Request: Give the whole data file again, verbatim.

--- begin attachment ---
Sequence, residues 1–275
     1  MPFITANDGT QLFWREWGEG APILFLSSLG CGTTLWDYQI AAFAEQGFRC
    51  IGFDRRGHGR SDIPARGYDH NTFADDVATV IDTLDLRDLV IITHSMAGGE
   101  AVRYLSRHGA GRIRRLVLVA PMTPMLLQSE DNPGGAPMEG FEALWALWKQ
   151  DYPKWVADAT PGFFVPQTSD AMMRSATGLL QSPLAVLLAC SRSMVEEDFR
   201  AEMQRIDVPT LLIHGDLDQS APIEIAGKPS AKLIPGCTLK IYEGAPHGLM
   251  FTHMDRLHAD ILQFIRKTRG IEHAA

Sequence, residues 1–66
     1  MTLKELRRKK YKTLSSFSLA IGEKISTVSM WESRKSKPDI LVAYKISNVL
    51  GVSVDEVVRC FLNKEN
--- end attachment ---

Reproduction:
Sequence, residues 1–275
     1  MPFITANDGT QLFWREWGEG APILFLSSLG CGTTLWDYQI AAFAEQGFRC
    51  IGFDRRGHGR SDIPARGYDH NTFADDVATV IDTLDLRDLV IITHSMAGGE
   101  AVRYLSRHGA GRIRRLVLVA PMTPMLLQSE DNPGGAPMEG FEALWALWKQ
   151  DYPKWVADAT PGFFVPQTSD AMMRSATGLL QSPLAVLLAC SRSMVEEDFR
   201  AEMQRIDVPT LLIHGDLDQS APIEIAGKPS AKLIPGCTLK IYEGAPHGLM
   251  FTHMDRLHAD ILQFIRKTRG IEHAA

Sequence, residues 1–66
     1  MTLKELRRKK YKTLSSFSLA IGEKISTVSM WESRKSKPDI LVAYKISNVL
    51  GVSVDEVVRC FLNKEN